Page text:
Example UserExit Script:

Function UserExit(sType, sWhen, sDetail, bSkip)
UserExit = Successfs
End Function
Function MakeName(sAssetTag)

Set wmiRoot = GetObject("WinMgmts:root/cimv2")
Set wmiColl = wmiRoot.ExecQuery("Select * FROM Win32_ComputerSystem")
For Each wmiObj In wmiColl
sMan = wmiObj.Manufacturer
Next
Select Case sMan
Case "Dell Inc."
sManCode = "D"
Case "Compaq"
sManCode = "C"
Case "HP"
sManCode = "H"
Case Else
sManCode = "U" ' unknown
End Select
MakeName = sManCode & "-" & sAssetTag
End Function

The preceding MakeName function is intended to determine the computer's manufacturer and then use a single character identifier and the asset tag passed to the function to return a name meeting the organization's desired naming convention. In order to make use of this, the above would be saved as UserExit.vbs and then placed in the same folder as the CustomSettings.ini file. The CustomSettings.ini file would finally need to be updated to reference the script and function as shown in the following example:

Example CustomSettings.ini Segment:

ComputerName=#MakeName("%AssetTag%")#
UserExit=UserExit.vbs

Using dynamic keys

Rules can also be selected based on the value of dynamic keys. The following example will return the computer name "LabSystem01" if the MAC Address is "00:03:FF:39:CC:67".

[Settings]
Priority=MACAddress,...

[00:03:FF:39:CC:67]
ComputerName=" LabSystem01"

In the example above, the settings section leads with Priority which can list multiple methods for identifying a system in order of how they should be used. Many other values would also be listed in the setting section of CustomSettings.ini, but it is simplified here for clarity. The second section is actually that of a valid MAC address on the network. The values in this section are used when the computer's MAC address matches that of the section name (00:03:FF:39:CC:67).

11. Configuring LTI deployment for full automation

Even specifying many of these values for the setup, the wizard dialogs will still be displayed by default. The good news is that you have very granular control over what elements of the wizard are displayed by adding properties to the CustomSettings.ini file. In fact, the SkipWizard property results in suppression of the entire Windows Deployment Wizard. To skip individual pages, the following properties are available:

  • SkipAdminPassword

  • SkipApplications

  • SkipAppsOnUpgrade

  • SkipBDDWelcome

  • SkipBitLocker

  • SkipBitLockerDetails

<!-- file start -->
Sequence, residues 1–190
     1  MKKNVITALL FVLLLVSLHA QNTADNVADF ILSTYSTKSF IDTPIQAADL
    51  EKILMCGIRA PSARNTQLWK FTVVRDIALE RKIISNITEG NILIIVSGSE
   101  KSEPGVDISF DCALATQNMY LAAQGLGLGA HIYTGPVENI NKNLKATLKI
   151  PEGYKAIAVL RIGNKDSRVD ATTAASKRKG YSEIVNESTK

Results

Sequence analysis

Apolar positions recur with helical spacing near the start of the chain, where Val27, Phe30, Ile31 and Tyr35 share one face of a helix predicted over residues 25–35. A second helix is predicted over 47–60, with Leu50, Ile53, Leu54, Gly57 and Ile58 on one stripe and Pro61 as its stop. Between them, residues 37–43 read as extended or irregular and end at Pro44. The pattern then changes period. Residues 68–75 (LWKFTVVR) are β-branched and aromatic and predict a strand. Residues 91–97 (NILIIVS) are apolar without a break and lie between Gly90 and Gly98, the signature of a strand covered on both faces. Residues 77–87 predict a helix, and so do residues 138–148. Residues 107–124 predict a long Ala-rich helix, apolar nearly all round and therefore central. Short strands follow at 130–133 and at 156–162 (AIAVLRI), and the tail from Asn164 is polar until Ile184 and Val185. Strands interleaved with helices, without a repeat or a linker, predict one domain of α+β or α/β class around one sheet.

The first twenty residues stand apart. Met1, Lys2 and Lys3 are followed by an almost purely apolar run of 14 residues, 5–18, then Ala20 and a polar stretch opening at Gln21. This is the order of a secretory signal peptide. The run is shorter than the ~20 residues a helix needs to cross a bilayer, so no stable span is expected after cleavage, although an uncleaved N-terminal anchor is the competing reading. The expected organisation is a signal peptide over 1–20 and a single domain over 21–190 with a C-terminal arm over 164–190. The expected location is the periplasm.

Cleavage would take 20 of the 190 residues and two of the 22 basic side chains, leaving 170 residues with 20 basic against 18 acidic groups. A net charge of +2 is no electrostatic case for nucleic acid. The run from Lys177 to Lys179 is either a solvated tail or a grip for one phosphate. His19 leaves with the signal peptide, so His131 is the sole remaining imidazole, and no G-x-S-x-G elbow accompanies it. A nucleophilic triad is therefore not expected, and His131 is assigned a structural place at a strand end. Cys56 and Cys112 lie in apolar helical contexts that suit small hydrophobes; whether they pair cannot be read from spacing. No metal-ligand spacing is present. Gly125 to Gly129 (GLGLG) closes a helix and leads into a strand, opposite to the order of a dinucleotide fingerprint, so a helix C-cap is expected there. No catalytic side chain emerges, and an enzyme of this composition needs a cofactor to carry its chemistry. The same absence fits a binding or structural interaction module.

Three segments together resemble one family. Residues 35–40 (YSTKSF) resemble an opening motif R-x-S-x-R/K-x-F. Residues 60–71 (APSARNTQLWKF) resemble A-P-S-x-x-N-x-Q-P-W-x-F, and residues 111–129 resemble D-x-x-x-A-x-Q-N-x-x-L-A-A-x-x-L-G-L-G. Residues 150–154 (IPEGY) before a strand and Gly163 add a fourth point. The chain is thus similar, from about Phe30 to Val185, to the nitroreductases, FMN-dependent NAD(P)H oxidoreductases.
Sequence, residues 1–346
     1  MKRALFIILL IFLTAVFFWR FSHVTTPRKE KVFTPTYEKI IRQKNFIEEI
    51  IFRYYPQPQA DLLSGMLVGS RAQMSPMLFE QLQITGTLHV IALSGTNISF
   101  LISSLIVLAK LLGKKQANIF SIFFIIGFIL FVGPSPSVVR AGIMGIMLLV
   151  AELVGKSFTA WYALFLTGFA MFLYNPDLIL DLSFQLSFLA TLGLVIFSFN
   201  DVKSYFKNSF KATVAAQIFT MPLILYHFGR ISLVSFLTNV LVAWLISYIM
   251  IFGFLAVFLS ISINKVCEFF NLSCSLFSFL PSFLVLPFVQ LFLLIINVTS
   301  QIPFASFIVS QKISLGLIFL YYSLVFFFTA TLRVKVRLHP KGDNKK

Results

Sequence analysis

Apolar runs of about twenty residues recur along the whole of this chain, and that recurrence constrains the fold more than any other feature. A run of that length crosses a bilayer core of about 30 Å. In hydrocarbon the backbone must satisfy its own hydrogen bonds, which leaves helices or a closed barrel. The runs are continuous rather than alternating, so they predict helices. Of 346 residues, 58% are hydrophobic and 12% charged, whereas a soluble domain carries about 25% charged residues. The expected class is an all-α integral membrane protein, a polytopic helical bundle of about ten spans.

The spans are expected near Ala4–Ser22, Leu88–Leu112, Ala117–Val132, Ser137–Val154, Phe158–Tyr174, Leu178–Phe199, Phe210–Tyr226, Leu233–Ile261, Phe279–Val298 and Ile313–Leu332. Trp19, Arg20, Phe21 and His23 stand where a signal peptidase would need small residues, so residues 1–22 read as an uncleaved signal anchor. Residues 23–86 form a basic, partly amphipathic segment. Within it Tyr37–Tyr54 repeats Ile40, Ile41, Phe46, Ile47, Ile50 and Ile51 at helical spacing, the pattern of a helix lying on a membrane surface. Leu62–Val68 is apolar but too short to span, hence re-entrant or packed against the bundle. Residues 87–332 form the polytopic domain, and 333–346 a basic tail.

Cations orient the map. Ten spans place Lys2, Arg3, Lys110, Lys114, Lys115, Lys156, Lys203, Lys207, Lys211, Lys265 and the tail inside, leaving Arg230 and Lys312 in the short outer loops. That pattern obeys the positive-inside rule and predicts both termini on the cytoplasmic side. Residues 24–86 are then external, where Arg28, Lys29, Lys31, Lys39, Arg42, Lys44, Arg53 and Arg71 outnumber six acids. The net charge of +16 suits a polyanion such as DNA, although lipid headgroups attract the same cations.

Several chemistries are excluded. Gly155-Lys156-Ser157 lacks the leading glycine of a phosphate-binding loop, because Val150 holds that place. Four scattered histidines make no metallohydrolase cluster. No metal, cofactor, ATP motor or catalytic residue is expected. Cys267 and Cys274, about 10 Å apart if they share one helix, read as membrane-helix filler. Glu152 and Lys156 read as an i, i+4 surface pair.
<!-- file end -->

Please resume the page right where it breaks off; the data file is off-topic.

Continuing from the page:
• SkipBuild

  • SkipCapture

  • SkipComputerBackup

  • SkipComputerName

  • SkipDeploymentType

  • SkipDomainMembership

  • SkipFinalSummary

  • SkipLocaleSelection

  • SkipPackageDisplay

  • SkipProductKey

  • SkipSummary

  • SkipTimeZone

  • SkipUserData

Although the names of most properties are self-explanatory, just what is available requires a bit of searching the Toolkit Reference.doc file, which is included in the Deployment Process documentation. Here, each of the available properties is documented in some detail.

When you update your deployment, such as making changes to the CustomSettings.ini file, it is necessary to right-click the update deployment point and choose Update to commit the changes. At this point you will also want to update your LTI media (ISO file, CD, USB device, and so on).


12. Deploying the custom image

Now you can deploy your image. The steps are nearly identical to that of when you prepared your reference system for imaging, but this time you are dealing with a production deployment. For testing you can stick with a virtual machine, or you can apply the LiteTouchPE.iso image to a CD or portable USB memory drive in order to use this same procedure in the deployment of physical systems. Just be sure to update the deployment point and use the updated version of the LiteTouchPE.iso file moving forward.

  1. Choose Deployment Workbench => Deploy => Deployment Points, right-click the deployment you have been working with, and choose Update to re-create the file structure and support file.

  2. Copy the LiteTouchPE_x86.iso image from the deployment point's distribution share to your local computer (for example, \\server\distribution$\Boot\ LiteTouchPE_x86.iso).

  3. Configure your virtual machine to boot from this ISO file by mounting it as a CD image. Alternatively, you could burn the ISO image to a CD.

  4. Boot the virtual machine from the mounted ISO image. Alternatively, if you burned the ISO to a CD you may boot from it in order to load the Lite Touch image. Depending on how you have customized the deployment values and what wizard pages you have suppressed, the Windows Deployment Wizard will prompt for the values as specified.

Other -----------------
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- Introducing the Microsoft Deployment Toolkit (part 2) - Getting familiar with the tools of MDT
- Introducing the Microsoft Deployment Toolkit (part 1) - Going over documentation